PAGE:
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As Kids Age, Bedwetting Can be a Challenge for the Entire Family

By Sam Smith, MD, Surgeon in Chief, Arkansas Children's Hospital

Take a moment to think about the average kindergarten classroom, probably 20 to 25 kids, right? At least two or three of those kindergartners – so about 15 percent – face a medical issue that causes their families plenty of anxiety and likely affects the children's confidence: bedwetting.

Unfortunately, bedwetting isn't a topic that is openly discussed, which makes the situation even harder on families and can cause children who experience it to feel isolated. Dr. Stephen Canon, my colleague at Arkansas Children's Hospital where he's chief of Pediatric Urology, says that the stigma of bedwetting is often the reason that families seek help for it.

"Kids need to know they're not alone," he says. "It's surprisingly stressful for these families and knowing it's more common than they realize can be helpful."

The Urology program at ACH sees dozens of children every year who are coping with bedwetting. Dr. Canon explains that there are a few schools of thought about why some children wet the bed while they sleep. Many of them produce more urine at night than during the day. Some may have bladders that are more irritable in the evening. And others may be deep sleepers who are difficult to arouse, meaning they sleep through their body's signals that they need to use the bathroom.

If a child who is potty-trained and doesn't have incontinence issues during the day is wetting the bed at night by age 5, it's probably time for his or her parents to discuss the problem with the child's pediatrician. Their physician will be able to perform a thorough exam to rule out any underlying problems. Rarely, a child's bedwetting might be linked to a condition like diabetes, chronic urinary tract infections or a complex abnormality.

Parents might try a couple of basic strategies at home if the child is otherwise healthy. First, they can stop giving the child liquids in the evening. They also should ensure that the child is urinating regularly every two to three hours during the daytime and regular bowel daily bowel function, too.

A child who hasn't made progress by age 6 or 7 and has been under the care of a primary care physician for bedwetting will likely need a referral to a specialist like Dr. Canon.

"At this point, the entire family is impacted significantly," he says. "Changing soaked sheets every morning can be upsetting for the parents, and so is watching your child's self-perception suffer."

The good news is that with some basic modification therapy, most kids will age out of bedwetting. About 99 percent of bedwetters no longer face the problem by the time they're 15.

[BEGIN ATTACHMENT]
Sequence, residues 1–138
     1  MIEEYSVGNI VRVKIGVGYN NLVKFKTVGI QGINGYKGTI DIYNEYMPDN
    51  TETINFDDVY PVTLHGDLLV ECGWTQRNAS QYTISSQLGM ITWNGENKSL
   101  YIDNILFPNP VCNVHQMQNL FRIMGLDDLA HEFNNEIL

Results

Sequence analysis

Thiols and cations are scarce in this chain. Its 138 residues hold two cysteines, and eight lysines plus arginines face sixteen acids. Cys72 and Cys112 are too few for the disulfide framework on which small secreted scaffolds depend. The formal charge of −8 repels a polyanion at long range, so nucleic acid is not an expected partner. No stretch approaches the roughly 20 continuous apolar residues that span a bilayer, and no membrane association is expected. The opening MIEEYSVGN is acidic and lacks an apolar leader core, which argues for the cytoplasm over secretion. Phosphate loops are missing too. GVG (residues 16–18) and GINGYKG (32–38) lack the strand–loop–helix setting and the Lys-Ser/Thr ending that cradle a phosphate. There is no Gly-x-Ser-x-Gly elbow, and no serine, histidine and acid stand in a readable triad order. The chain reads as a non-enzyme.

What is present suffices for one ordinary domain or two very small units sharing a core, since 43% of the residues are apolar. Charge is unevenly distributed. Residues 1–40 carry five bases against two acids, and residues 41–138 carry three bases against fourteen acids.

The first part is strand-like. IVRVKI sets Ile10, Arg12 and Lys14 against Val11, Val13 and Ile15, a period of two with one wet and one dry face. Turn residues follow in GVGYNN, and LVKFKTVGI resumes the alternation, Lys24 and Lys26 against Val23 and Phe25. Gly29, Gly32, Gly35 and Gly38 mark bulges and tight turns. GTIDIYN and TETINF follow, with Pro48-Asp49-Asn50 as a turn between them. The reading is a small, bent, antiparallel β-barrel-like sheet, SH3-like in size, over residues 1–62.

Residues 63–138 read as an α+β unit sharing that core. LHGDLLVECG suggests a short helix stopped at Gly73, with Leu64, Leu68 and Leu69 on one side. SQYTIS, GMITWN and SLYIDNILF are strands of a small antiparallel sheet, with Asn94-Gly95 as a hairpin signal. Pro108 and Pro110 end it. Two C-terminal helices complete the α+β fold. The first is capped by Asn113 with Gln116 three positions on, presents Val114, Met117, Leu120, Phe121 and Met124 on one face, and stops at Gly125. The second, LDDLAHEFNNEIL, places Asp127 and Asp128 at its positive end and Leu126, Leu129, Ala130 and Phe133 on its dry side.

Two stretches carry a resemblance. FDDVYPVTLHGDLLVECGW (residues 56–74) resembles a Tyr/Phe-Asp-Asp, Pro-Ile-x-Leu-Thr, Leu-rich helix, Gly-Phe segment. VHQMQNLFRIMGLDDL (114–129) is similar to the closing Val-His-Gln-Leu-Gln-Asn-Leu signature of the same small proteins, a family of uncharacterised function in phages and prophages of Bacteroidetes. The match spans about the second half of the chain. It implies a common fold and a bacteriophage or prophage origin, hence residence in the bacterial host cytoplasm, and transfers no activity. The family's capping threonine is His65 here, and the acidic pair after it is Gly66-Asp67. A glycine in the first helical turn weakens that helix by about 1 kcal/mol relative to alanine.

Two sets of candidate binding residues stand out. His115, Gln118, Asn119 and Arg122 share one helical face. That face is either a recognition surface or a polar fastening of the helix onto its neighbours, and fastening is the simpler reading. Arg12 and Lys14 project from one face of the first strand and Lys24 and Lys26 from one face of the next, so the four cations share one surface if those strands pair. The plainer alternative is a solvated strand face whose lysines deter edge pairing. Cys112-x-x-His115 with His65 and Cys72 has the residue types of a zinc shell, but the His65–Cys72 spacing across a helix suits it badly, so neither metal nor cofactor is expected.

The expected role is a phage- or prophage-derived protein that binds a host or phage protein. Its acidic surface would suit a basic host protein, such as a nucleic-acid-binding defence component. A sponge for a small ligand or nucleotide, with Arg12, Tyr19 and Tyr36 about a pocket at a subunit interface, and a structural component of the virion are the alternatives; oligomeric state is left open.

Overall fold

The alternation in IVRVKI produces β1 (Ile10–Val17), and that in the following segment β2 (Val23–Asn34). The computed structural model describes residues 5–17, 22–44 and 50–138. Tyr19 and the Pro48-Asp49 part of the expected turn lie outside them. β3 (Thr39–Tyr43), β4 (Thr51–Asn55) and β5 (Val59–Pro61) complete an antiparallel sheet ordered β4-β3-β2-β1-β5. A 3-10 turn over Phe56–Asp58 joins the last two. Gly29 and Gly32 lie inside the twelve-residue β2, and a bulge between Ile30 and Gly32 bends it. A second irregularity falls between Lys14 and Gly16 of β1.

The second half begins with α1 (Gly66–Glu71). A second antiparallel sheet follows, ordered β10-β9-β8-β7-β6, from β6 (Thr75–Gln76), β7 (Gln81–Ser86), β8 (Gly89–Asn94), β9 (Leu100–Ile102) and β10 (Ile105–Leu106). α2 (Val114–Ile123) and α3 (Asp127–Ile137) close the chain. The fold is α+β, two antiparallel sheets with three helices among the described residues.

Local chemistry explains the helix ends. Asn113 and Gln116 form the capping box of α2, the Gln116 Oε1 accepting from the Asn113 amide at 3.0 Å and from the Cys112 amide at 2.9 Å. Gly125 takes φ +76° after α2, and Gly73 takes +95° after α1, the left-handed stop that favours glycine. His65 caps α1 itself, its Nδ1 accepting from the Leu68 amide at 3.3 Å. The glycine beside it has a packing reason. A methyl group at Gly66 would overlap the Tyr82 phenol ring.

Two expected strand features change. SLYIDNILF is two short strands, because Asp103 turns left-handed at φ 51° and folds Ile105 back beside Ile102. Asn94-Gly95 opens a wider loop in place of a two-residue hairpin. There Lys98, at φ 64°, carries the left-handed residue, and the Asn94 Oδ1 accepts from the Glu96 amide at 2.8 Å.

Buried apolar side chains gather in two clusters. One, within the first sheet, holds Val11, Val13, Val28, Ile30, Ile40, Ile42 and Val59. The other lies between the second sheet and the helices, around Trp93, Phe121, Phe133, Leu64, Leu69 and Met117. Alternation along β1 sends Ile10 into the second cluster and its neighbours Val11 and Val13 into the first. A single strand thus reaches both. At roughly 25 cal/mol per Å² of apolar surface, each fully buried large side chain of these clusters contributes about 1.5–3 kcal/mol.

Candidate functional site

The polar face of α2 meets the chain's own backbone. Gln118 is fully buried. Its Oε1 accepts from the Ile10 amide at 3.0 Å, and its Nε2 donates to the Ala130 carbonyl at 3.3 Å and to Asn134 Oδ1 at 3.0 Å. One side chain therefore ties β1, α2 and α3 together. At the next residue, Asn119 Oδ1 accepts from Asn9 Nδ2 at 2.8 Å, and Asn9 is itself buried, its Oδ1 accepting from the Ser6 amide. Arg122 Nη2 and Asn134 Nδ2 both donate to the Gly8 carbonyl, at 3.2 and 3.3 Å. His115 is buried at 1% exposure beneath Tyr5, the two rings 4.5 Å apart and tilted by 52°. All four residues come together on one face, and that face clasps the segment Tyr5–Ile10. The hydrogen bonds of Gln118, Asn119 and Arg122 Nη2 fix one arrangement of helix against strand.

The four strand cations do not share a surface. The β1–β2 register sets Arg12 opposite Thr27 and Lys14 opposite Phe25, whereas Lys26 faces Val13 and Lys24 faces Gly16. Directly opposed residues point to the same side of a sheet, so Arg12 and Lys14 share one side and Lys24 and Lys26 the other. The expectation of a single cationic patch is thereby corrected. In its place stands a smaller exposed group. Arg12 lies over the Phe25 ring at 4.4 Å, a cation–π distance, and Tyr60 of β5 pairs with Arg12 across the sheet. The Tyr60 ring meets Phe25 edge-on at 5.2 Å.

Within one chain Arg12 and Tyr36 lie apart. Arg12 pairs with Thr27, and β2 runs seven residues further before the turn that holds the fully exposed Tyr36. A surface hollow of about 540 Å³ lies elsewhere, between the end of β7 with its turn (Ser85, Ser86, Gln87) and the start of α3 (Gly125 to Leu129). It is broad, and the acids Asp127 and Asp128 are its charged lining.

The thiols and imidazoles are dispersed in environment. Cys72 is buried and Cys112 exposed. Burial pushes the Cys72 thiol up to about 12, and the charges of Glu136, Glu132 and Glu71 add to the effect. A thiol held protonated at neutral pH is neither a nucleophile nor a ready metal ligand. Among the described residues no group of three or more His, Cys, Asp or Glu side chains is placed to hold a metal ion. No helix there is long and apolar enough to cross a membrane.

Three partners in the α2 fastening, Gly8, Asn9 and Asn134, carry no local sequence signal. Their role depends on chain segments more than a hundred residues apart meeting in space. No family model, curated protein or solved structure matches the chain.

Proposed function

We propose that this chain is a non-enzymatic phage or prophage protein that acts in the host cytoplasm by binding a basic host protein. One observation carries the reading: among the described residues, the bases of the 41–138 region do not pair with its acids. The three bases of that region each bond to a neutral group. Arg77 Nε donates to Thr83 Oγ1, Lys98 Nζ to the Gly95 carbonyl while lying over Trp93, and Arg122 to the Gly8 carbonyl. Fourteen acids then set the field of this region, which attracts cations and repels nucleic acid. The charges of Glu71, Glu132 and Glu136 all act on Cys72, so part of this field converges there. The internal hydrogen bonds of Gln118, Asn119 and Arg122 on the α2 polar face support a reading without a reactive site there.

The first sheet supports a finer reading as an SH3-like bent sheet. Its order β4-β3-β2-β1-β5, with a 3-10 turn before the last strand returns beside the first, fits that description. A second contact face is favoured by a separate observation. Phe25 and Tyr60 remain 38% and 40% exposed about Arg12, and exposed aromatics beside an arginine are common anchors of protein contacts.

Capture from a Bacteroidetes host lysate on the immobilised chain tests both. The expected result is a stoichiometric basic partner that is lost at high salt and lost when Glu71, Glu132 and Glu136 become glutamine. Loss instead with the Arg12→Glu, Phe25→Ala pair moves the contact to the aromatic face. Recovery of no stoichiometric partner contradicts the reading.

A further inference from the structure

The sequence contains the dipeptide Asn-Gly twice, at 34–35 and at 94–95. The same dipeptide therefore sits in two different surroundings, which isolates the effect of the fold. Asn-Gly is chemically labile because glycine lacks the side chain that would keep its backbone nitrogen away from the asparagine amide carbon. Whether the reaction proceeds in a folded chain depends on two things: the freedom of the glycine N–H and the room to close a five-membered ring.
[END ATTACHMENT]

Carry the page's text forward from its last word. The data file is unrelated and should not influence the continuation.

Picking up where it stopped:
The first recommendation for kids who do not have an underlying medical condition causing overnight urinating, is to use a bed alarm. These are clipped on the child's undergarments and either emit a loud beep or a startling vibration if a sensor detects that a child has begun to wet himself. This arouses the child and begins the process of teaching the patient to awaken when his or her body signals the need to urinate. Most families will begin to notice progress in three to five months.

Using a bed alarm does require some work on the family's behalf and a true commitment from the child. That motivation is more likely to be present in older children who have begun to understand that their peers don't wet the bed at night.

Another option for bedwetters involves using a medication called desmopressin that reduces the amount of urine their bodies make at night. Unfortunately, using a medication like this only offers short-term results that are noticeable while the child is taking the prescription. For this reason, the best candidates are usually children who have persistent bedwetting after using a bed alarm, children who are having any psychological impact, or children who want an extra layer of security for events like slumber parties.

"In these kids, it's become a really big problem socially," Dr. Canon says. "We get them used to taking the medicine, make sure it works, and then they'll use it for the sleepover, and they can be secure."

For families who opt to use desmopressin, it is especially important to stop giving liquids at night after the child has taken the medication. There are rare but serious side effects when children consume fluids overnight while on desmopressin.

Parents can rest assured that their child will likely stop bedwetting as they grow older. But the problem is truly frustrating in the meantime. Dr. Canon says it can also be helpful for parents to know that bedwetting runs in families. In those cases, bedwetting will typically resolve around the same time it did for other family members.

"We really want to underscore with kids that this is a common problem and not something they should be ashamed of," Dr. Canon told me. "We want them to know they're not any different and that it will get better."

Here's another tip: Be sure to download the new MyACH iPhone app, free from Arkansas Children's Hospital in the App Store. Everything a busy parent needs – from a health library to storage for your child's health info, insurance, medications and more.

Sam Smith, MD, is surgeon in chief at Arkansas Children's Hospital and a professor of Surgery at the University of Arkansas for Medical Sciences. He writes a column each week covering a variety of kids' medical concerns. If you have a topic you'd like him to consider addressing, email achconnect@archildrens.org.

Arkansas Children's Hospital
1 Children's Way
Little Rock, AR 72202-3591

Call: 501-364-1100

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